What is Diabetic Eye Disease?
November is National Diabetes Month. Did you know that diabetes is one of the primary reasons for blindness amongst working-age adults in the United States? However, with early detection and preventative treatment prescribed by an eye doctor in a timely manner, this disease can be controlled.
Diabetic Eye Disease 101:
Diabetic eye disease can be referred to as a collection of eye problems that people with diabetes may encounter. These eye problems can cause severe vision loss or even blindness. The eye disorders that make up Diabetic Eye Disease include:
- Glaucoma: Upsurge in fluid pressure inside the eye that leads to damage of the optic nerve and loss of vision
- Cataracts: Clouding of the lens of the eye
- Diabetic Retinopathy: Impairment to the blood vessels in the retina
Cataracts and Glaucoma
Cataracts and glaucoma are eye diseases more common in people that have diabetes. An individual with diabetes is two times more prone to acquire cataracts and glaucoma than someone without diabetes. Cataracts can be treated with surgery and glaucoma can be treated with both medicines and surgery. If you fear you, or a loved one, is at risk of either cataracts or glaucoma, schedule a free vision screening with the eye specialists at Corrective Eye Center. During this exam, a short screening, the eye care specialists will test your visual acuity and perform a glaucoma test. For more information about symptoms of cataracts or warning signs of glaucoma, see our pages about Glaucoma Management and Treatment and Cataract Specialists.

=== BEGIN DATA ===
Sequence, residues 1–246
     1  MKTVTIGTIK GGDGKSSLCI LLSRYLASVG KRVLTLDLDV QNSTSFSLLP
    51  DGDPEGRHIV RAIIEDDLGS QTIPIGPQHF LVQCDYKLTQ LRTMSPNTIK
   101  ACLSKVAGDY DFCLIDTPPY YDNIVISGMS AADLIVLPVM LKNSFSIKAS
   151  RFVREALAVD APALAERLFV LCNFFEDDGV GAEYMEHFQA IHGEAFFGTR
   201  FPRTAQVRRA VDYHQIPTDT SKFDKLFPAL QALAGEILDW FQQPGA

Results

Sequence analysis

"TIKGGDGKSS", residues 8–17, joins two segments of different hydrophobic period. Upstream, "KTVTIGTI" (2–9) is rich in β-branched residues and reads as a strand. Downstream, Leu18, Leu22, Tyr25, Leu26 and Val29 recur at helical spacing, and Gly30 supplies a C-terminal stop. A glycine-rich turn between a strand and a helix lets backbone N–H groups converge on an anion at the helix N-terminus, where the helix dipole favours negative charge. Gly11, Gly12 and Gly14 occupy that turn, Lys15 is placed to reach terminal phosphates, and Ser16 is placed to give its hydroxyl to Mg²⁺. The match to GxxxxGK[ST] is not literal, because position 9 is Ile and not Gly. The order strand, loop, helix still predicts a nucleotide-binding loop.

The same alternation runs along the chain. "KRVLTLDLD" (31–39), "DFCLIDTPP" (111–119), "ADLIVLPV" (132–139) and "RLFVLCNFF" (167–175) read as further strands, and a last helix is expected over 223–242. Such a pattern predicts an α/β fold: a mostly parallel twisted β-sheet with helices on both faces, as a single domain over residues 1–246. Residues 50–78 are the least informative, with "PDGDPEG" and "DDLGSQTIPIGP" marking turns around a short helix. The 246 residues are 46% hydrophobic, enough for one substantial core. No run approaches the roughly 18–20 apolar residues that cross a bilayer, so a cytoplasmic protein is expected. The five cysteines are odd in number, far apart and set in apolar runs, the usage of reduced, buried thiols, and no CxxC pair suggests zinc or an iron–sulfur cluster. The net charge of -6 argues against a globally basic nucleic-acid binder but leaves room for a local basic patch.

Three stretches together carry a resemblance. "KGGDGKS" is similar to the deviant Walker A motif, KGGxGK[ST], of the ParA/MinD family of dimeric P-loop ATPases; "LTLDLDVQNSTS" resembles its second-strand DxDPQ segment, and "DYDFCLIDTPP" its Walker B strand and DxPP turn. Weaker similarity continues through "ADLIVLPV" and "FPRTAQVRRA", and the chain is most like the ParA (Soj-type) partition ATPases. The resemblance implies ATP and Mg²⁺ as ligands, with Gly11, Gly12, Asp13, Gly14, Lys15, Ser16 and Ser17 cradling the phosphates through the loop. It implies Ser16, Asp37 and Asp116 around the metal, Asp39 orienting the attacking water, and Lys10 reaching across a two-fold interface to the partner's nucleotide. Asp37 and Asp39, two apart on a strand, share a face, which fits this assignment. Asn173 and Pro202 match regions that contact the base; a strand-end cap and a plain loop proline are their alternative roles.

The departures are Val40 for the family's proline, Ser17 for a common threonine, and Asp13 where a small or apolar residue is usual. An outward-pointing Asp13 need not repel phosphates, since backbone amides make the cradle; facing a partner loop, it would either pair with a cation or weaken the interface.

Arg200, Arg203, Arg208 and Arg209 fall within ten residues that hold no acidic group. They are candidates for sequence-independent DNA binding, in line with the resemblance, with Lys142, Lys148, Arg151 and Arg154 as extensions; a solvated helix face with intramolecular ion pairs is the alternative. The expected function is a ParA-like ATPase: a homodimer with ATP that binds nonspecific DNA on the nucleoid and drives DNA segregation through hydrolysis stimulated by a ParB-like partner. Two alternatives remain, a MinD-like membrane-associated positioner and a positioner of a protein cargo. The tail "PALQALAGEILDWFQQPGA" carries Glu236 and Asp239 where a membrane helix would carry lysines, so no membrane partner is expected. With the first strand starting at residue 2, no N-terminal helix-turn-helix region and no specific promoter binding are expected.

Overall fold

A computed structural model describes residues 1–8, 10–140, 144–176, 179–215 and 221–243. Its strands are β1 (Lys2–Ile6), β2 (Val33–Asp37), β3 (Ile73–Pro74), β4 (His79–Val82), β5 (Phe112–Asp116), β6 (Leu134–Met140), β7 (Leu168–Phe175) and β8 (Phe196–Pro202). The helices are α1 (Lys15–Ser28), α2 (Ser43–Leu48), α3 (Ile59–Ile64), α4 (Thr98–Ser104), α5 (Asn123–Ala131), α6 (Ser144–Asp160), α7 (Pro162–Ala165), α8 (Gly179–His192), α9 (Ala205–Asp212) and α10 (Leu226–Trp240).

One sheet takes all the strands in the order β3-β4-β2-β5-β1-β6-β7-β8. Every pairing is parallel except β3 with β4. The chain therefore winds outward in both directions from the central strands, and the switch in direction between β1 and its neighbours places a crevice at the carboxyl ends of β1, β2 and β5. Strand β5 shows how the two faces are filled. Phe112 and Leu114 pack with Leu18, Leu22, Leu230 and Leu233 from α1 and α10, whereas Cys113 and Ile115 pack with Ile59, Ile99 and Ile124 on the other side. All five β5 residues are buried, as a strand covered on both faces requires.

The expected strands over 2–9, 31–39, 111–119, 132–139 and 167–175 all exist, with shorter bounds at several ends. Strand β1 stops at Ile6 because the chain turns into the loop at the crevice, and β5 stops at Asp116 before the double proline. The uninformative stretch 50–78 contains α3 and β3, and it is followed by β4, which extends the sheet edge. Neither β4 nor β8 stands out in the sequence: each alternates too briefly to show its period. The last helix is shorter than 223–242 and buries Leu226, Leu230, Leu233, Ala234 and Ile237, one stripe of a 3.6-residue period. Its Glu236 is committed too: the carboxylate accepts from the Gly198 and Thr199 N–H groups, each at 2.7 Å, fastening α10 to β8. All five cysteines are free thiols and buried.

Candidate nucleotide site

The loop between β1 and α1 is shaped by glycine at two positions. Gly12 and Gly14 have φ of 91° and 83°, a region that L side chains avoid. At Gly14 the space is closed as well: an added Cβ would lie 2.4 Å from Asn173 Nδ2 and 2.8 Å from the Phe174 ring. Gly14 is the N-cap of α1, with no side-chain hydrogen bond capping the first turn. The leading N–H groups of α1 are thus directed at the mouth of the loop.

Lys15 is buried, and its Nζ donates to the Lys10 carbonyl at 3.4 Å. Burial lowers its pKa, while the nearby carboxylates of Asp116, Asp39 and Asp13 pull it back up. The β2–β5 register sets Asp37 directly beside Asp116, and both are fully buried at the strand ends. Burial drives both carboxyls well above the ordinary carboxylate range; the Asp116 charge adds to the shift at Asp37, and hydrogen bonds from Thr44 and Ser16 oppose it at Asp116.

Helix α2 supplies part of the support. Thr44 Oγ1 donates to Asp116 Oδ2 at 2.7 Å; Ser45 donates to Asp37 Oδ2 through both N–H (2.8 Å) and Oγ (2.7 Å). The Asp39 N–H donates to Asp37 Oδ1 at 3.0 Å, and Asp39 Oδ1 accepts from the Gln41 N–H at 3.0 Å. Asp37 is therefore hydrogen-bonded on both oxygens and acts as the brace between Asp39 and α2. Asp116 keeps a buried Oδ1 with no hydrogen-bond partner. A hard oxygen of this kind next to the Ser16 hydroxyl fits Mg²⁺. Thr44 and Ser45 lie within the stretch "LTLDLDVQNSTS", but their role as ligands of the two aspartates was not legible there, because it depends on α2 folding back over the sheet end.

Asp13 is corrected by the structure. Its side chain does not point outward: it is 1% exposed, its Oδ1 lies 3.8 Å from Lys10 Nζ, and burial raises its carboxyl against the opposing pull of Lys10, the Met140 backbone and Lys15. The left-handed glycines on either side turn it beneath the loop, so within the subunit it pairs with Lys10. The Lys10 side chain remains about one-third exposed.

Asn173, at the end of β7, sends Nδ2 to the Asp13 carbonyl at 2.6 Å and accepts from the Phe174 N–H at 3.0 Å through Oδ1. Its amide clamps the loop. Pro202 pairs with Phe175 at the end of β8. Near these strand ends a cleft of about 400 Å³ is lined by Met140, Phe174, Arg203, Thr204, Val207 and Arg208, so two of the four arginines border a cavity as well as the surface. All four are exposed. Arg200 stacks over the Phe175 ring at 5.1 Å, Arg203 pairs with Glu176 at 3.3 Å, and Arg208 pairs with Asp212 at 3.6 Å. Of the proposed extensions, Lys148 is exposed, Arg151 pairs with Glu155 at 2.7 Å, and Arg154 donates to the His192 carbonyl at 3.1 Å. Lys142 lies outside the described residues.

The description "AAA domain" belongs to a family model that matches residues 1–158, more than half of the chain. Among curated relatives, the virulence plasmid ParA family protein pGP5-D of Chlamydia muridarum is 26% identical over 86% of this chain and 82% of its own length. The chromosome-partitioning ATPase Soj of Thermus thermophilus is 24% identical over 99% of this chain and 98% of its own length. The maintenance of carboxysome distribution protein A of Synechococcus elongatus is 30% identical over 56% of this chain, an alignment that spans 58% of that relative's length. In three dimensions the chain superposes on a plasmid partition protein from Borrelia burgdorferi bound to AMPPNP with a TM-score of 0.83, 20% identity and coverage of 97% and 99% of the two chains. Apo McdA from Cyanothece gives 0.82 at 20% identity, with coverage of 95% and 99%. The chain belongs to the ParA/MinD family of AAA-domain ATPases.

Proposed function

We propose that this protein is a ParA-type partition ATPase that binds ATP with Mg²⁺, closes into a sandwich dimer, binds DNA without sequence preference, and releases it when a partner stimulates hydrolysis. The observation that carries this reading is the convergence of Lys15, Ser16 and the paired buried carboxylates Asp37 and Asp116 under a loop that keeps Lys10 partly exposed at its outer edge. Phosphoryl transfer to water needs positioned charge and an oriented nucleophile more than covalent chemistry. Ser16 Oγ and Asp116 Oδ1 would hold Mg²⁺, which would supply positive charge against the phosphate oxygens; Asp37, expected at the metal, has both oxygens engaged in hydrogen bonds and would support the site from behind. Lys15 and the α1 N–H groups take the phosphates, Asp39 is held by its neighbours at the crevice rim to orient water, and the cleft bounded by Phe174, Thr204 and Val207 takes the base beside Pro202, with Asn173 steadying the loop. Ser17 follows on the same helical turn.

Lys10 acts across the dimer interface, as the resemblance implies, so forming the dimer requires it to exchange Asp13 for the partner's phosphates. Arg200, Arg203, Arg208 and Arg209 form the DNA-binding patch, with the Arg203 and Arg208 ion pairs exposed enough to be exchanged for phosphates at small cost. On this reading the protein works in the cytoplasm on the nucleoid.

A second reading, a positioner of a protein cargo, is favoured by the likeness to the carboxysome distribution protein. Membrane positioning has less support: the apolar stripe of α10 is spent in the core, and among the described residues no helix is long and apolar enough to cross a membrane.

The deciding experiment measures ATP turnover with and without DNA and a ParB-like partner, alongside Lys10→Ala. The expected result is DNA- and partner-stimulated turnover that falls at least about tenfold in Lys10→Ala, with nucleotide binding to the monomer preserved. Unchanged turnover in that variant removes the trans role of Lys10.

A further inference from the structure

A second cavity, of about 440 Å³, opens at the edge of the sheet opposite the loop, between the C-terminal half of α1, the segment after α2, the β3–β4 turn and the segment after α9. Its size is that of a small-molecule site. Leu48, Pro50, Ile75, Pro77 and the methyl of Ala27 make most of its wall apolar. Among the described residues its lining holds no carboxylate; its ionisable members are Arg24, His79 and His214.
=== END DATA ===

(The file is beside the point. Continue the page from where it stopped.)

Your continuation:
Diabetic retinopathy is one of the leading cause of blindness in American adults. According to the National Eye Institute (NEI), 7.7 million people age 40 and older have diabetic retinopathy, and this number is projected to increase to approximately 11 million people by 2030. Unfortunately, diabetic retinopathy can cause damage to the eyes before any changes in vision are noticeable, making annual comprehensive eye exams with an eye doctor critical for early detection. For more information about diabetes and its impact on the eyes, visit our page Diabetes and the Eye
To schedule a comprehensive eye exam with our eye doctors at any of our four Cleveland and Greater Cleveland locations call our office at (216) 574-8900, toll-free at (800) 535-EYES (3937), or fill out our contact us page and our eye care specialists will contact you.